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Wireless carriers could withdraw from NFC payments: report

By
October 29, 2014

Softcard in use

Softcard in use

While the launch of Apple Pay and Host Cost Emulation promise to boost near field communications-based payments, one group that is likely to see its role diminish is wireless carriers, according to a new report from Juniper Research.

The report, NFC Mobile Payments: Apple Pay, Host Card Emulation & SIM Based Opportunities & Forecasts 2014-2019, forecasts that just 3 percent of NFC mobile payments customers will be controlled by wireless carriers in North America by 2019. Given recent developments, Juniper expects wireless carriers to reevaluate their existing commitments to NFC and possibly to withdraw from the space.

“With MNO-led ventures still struggling to establish themselves, MNOs [mobile network operators or wireless carriers] face the danger of being bypassed by FIs and, in North America, by Apple,” said Dr. Windsor Holden, head of consultancy and forecasting at Juniper Research, and author of the report.

“In the latter region, we believe that just 3 percent of customers will be controlled by the MNOs by 2019,” he said.

“Indeed, we believe that there is a strong possibility that MNO-controlled customers will be in decline in both North

Secure elements
The findings suggest that Softcard, the NFC payments solution created by AT&T, Verizon Wireless and T-Mobile USA – will face a tough time getting users to sign on.

Juniper predicts that the proportion of NFC secure elements controlled by wireless carriers is likely to fall below 50 percent by 2019.

Previously, NFC payments typically required access to a secure element controlled by the wireless carrier offering the phone.

However, this is starting to change.

For example, with Apple Pay, the secure element is embedded on the handset and controlled by Apple.

With HCE, the secure element does not need to be physically present in the handset.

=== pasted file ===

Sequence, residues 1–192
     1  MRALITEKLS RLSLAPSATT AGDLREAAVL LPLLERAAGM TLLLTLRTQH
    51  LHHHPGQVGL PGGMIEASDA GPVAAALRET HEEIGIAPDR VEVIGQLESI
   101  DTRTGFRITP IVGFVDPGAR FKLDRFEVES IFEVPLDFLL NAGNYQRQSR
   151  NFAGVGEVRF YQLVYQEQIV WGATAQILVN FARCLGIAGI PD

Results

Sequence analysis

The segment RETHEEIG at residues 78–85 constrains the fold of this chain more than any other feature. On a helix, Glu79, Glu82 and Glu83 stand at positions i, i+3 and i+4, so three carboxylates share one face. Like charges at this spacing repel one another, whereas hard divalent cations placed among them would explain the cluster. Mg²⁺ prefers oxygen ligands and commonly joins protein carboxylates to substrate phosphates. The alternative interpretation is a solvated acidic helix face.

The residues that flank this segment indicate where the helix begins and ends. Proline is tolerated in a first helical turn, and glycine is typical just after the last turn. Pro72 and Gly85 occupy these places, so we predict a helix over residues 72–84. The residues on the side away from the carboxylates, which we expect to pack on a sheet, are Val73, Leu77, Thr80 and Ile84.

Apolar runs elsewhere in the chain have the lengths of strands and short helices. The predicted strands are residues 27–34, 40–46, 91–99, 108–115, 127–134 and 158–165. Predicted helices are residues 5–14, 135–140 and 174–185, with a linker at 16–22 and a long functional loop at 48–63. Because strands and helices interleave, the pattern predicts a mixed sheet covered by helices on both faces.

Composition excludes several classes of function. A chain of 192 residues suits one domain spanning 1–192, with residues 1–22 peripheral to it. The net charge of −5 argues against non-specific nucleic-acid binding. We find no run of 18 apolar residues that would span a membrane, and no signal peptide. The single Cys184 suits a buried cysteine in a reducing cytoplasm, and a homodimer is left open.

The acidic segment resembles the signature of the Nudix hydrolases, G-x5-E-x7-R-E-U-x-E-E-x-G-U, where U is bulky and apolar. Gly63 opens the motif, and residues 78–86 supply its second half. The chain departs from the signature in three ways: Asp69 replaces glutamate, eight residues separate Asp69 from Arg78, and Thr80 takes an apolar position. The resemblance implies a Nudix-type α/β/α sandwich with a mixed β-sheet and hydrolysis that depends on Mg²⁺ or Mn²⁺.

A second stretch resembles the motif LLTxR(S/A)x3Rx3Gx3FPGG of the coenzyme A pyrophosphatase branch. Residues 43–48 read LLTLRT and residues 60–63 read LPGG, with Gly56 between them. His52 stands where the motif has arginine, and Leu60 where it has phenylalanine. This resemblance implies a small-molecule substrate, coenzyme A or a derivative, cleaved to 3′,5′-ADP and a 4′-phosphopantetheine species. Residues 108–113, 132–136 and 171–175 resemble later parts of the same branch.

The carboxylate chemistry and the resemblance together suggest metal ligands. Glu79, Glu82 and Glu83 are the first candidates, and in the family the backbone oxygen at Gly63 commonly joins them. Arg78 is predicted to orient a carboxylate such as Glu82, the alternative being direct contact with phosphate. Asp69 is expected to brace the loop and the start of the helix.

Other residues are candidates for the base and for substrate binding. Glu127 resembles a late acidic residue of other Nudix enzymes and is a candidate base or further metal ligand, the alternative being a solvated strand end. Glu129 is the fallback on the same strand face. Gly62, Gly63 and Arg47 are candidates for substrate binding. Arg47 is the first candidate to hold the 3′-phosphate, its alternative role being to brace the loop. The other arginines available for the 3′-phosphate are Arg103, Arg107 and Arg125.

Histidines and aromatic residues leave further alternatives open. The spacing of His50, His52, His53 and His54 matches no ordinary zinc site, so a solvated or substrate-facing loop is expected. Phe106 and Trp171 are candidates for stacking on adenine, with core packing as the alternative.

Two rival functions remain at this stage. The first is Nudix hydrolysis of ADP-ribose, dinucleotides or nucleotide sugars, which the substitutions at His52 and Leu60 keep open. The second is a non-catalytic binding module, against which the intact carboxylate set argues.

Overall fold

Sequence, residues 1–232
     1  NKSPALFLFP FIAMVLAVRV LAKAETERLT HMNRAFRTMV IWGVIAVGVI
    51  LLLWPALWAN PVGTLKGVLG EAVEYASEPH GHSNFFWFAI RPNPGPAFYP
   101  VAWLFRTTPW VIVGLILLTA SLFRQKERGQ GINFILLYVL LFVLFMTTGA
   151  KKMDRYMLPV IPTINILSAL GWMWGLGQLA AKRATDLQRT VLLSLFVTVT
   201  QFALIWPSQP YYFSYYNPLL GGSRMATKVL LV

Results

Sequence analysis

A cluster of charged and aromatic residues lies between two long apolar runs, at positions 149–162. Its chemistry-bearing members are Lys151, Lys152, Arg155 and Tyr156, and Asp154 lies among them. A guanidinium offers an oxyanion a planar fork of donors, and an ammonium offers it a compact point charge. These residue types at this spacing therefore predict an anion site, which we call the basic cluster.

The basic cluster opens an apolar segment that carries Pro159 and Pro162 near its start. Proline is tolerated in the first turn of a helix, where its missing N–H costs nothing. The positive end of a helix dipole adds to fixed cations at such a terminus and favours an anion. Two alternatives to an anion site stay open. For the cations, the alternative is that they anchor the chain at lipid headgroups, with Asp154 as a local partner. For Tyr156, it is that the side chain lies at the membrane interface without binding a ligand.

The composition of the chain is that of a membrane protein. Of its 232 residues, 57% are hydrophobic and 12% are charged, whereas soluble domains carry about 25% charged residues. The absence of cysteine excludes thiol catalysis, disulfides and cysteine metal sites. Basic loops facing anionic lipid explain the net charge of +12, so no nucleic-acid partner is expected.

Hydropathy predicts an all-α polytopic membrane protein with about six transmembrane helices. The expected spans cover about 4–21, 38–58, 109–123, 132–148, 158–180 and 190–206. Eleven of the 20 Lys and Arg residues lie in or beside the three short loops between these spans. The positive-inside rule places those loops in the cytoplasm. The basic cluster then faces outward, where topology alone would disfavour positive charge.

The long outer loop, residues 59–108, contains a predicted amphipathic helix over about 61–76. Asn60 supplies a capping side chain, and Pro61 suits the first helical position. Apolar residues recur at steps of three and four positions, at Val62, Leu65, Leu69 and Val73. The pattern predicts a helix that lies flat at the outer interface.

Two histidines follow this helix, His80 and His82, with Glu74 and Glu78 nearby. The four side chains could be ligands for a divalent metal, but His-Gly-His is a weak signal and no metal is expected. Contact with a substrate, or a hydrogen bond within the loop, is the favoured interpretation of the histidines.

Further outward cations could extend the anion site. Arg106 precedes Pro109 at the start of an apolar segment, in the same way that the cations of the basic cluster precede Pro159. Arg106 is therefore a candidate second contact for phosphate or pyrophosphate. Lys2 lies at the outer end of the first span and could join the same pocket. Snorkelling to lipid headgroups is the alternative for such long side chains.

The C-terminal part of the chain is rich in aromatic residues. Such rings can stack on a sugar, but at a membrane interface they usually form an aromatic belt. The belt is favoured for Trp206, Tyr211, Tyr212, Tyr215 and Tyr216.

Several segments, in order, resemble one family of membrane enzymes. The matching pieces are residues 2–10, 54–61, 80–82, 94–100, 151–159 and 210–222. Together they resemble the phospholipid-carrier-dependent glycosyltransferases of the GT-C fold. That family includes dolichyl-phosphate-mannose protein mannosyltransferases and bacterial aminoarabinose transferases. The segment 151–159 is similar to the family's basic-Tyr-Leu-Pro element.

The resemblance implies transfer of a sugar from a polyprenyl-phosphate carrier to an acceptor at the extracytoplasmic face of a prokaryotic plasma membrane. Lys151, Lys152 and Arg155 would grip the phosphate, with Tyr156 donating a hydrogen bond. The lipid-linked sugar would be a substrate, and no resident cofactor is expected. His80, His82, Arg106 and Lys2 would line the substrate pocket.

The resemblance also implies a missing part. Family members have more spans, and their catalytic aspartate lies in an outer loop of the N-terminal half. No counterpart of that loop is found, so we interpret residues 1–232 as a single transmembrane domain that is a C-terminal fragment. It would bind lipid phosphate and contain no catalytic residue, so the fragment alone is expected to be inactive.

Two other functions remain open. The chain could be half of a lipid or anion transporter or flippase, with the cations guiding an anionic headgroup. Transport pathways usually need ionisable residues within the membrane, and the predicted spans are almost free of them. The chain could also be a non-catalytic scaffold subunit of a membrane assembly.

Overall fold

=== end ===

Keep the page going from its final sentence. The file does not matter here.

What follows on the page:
New developments
The carriers’ role will shrink even with relatively strong adoption of the carrier model in some developing markets as well as the Far East and China.

With wireless carrier-led venture still struggling to establish themselves, the report suggests that wireless carriers are in danger of being bypassed by financial institutions and, in North America, by Apple.

NFC payments have been slow to catch but recent developments such as Apple Pay and HCE are likely to push NFC payment users to more than 500 million by 2019, according to Juniper Research. This is a significant increase from the 101 million users in 2014.

HCE is a cloud-based protocol developed by Google and introduced last year. It enables NFC to work without the need to access the secure element in a smartphone. Google developed HCE after several wireless carriers refused to give access to the secure element to Google Wallet

HCE solutions have been gaining traction within the banking sector. For example, BBVA and Bankinger in Spain as well as CUA IN Australia have already launched commercial services. There are also pilot programs taking place in Russia and New Zealand.

The halo effect
Apple Pay will help drive NFC payment adoption by addressing key challenges such as awareness and acceptance.

Other findings include that three quarters of smartphones worldwide will contain an NFC controller chip by the end of the decade.

“We would now argue that Apple Pay will not only drive, but will create a ‘halo effect’ towards contactless payment in general,” Dr. Holden said. “We still believe that in most markets this will primarily be driven by contactless card transactions, but that the greater awareness of handset contactless payments that Apple will generate will, in turn, result in an uplift in adoption and usage.”

Final Take
Chantal Tode is senior editor on Mobile Commerce Daily, New York

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